Due to language issues, Guinea Bissau may one day be assigned to the Cape Verde Praia Mission.  Current opportunities to teach Bissau-Guineans in other nations may help the Church established an official presence.  However, many of these individuals do not return to their home country. 

Member Activity and Convert Retention

Although no convert baptisms have occurred in Guinea-Bissau, native members have joined the Church abroad.  However, it is undetermined whether natives who join the Church abroad ever return to their home country due to poor living standards and chronic political instability.  Bissau-Guineas appear receptive to the Church in other nations. 

Ethnic Issues and Integration

Guinea-Bissau exhibits a diversity of ethnic groups, none of which constitute over 30% of the population.  African nations with such large diversity tend to be politically unstable and have historic ethnic conflicts manifest themselves in all areas of society.  Such conflict may carry over into the church if members from one ethnic group in a congregation do not support the leadership of their congregation led by a rival ethnic group.  Although fluent in Portuguese and sharing a Portuguese colonial past, Cape Verdean Latter-day Saints may face challenges serving missions in Guinea-Bissau due to animosity directed toward wealthy Cape Verdeans who have in the past dominated governmental affairs.[5]

Language Issues

Portuguese LDS church materials along with limited proselytism materials in Fulani and Mandinka allow for outreach to occur among most of the literate population.  High illiteracy creates challenges for members to accurately learn about Church doctrine and develop capable, self-sufficient leadership and also provides opportunity for the Church to provide service teaching literacy skills. 

Missionary Service

Few if any Bissau-Guineans have served full-time missionaries.  No missionary work had occurred in Guinea-Bissau in 2010.  Once an official Church presence is established, the development of a local full-time missionary force will be crucial toward insuring long-term growth and self-sufficiency. 


Guinea-Bissau pertains to the Accra Ghana Temple district. 

Comparative Growth

Guinea-Bissau is one of the few non-Islamic African nations without an official LDS Church presence.  Other nations which have a Muslim minority without an official LDS Church presence in continental Africa include Burundi, Equatorial Guinea, and Gabon.

Other missionary-oriented Christian churches report slow to modest growth.  These denominations have struggled to develop local leadership due to poor living conditions, political instability, and isolation from larger Christian populations.  Jehovah's Witnesses gain only a handful of new converts year to year.  However, many of these groups have small self-sufficient communities in Bissau and larger cities.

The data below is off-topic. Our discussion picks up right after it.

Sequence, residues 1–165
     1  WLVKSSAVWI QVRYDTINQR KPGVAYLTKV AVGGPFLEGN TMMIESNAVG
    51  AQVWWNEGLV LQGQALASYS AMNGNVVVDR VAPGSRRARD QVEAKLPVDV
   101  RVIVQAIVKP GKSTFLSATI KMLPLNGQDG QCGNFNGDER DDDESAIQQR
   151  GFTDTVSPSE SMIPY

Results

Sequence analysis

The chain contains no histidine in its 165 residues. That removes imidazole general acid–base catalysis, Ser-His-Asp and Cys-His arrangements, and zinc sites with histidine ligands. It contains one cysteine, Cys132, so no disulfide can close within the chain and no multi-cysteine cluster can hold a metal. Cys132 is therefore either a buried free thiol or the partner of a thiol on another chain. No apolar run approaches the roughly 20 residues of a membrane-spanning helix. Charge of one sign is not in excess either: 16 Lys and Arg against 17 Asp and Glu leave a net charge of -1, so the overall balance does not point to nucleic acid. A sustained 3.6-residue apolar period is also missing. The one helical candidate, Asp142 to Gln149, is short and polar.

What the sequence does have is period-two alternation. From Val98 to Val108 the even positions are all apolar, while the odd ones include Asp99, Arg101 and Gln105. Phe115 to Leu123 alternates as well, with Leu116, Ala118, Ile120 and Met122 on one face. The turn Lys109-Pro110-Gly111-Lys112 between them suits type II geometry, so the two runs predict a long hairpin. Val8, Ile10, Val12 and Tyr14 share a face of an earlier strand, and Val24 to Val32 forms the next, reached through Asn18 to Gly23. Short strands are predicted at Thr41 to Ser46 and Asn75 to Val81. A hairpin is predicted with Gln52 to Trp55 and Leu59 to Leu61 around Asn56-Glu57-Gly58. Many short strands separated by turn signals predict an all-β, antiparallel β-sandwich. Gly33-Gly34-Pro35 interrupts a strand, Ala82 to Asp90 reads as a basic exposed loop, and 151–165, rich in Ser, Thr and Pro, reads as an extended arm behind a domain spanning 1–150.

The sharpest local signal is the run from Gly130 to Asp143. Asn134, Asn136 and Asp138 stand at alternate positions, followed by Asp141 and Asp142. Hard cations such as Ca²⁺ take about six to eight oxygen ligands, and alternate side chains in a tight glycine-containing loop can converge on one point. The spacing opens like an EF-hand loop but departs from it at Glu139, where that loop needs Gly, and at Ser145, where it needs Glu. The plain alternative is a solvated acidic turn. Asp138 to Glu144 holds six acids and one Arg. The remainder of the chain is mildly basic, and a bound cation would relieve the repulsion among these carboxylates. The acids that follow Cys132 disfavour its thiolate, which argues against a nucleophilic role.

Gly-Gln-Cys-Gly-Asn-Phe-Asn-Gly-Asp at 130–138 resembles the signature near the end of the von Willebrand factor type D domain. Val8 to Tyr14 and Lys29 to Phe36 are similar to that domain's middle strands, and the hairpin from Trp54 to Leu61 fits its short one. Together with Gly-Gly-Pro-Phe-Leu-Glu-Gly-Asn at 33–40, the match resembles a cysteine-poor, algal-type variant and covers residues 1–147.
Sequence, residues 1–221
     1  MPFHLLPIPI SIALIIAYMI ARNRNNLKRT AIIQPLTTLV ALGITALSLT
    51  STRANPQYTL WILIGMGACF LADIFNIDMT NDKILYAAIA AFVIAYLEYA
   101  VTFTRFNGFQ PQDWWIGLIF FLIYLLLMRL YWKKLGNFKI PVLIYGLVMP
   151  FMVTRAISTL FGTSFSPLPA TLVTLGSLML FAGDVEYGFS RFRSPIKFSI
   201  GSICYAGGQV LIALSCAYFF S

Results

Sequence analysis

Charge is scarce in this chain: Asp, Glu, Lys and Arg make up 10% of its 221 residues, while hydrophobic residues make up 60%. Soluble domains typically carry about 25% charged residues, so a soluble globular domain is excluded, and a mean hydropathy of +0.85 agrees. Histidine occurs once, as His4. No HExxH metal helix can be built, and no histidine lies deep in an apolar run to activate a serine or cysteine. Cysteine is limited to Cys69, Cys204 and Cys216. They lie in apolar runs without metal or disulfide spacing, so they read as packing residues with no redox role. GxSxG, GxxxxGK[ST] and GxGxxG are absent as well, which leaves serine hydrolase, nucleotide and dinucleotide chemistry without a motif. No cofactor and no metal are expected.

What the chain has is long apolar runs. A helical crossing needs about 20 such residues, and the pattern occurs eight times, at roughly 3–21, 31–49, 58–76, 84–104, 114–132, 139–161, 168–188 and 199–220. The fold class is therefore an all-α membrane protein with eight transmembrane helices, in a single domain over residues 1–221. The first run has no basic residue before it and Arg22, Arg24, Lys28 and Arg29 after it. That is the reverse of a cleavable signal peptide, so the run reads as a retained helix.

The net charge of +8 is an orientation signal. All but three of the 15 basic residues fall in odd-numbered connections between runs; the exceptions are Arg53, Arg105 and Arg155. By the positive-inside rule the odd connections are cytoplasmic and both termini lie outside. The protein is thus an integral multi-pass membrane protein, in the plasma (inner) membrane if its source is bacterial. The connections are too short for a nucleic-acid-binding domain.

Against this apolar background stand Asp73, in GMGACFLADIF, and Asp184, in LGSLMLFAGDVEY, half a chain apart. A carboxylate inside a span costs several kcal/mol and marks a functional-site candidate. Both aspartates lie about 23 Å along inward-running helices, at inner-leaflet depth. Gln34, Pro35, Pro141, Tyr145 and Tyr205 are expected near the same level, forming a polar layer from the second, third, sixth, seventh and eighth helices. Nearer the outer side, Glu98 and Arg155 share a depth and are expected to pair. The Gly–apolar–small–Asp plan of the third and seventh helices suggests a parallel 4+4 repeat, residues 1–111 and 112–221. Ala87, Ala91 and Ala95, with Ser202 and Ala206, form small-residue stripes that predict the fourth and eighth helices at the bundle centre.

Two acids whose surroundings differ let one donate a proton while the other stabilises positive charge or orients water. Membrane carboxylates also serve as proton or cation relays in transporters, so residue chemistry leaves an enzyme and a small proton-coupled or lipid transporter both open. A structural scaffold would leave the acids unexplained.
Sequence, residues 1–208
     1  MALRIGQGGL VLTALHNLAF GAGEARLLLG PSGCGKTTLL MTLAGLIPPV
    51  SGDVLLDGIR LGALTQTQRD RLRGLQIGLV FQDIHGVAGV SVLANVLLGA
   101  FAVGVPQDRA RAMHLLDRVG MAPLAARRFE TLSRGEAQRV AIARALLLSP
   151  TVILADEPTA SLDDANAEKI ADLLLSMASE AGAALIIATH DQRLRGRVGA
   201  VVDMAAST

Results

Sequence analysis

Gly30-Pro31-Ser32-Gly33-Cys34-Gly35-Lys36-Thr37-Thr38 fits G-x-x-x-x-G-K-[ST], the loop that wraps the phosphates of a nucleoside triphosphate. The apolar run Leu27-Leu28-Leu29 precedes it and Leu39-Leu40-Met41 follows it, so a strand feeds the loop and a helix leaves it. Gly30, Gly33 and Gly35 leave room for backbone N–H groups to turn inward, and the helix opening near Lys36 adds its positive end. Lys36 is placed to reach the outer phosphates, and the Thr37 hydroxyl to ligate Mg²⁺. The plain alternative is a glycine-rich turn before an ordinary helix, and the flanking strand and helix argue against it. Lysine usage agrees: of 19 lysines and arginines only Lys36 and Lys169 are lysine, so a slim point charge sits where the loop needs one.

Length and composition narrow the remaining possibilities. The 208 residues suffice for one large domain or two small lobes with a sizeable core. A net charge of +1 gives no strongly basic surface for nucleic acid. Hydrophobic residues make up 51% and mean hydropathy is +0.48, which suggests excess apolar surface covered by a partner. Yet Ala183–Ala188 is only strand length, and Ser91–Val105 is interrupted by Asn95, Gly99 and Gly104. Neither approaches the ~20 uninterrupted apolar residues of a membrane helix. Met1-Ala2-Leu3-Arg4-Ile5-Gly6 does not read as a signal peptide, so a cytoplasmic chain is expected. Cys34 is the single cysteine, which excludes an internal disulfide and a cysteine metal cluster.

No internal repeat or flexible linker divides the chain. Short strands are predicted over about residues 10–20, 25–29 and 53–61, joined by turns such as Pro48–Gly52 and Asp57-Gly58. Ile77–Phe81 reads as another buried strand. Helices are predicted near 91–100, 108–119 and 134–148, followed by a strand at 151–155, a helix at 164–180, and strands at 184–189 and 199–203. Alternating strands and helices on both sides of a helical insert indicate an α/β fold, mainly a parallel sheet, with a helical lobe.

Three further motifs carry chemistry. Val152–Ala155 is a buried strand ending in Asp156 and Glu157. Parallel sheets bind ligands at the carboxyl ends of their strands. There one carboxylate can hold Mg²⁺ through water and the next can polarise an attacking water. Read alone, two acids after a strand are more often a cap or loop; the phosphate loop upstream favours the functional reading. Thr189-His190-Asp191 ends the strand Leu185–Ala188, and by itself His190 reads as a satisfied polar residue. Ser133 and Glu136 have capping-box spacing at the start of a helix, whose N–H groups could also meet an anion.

Future Prospects

Several Church members who have petitioned the Church to begin missionary activity in unreached nations in Africa have been told that the current needs in African nations with an official Church presence combined with a lack of mission outreach resources worldwide have delayed the opening of nations like Guinea-Bissau.  The absence of a United States embassy in Guinea-Bissau,[6] limited infrastructure and health care, and ongoing political instability may lead the Church to hesitate commencing formal missionary activity due to the reliance on American senior missionaries to begin establishing the LDS Church in unreached nations.  Security issues also pose potential concerns, although LDS missions have long operated in Latin American nations with similar issues.  Due to the maturation of the Church in many more established African nations like Ghana and Nigeria, African senior missionary couples may be assigned to the country to assist in establishing a presence.  The growth of the Church in nearby Cape Verde may result in Portuguese-speaking African missionaries being assigned in small numbers to Guinea-Bissau once regional and international Church leaders  decide to begin proselytism.

[1]  "Guinea-Bissau," Countries and Their Cultures, retrieved 20 August 2010.

[2]  "Guinea-Bissau," Countries and Their Cultures, retrieved 20 August 2010.

[3]  "Guinea-Bissau," International Religious Freedom Report 2009, 26 October 2009.

[4]  "Guinea-Bissau," International Religious Freedom Report 2009, 26 October 2009.

[5]  "Guinea-Bissau," Countries and Their Cultures, retrieved 20 August 2010.

[6]  "Guinea-Bissau," International Religious Freedom Report 2009, 26 October 2009.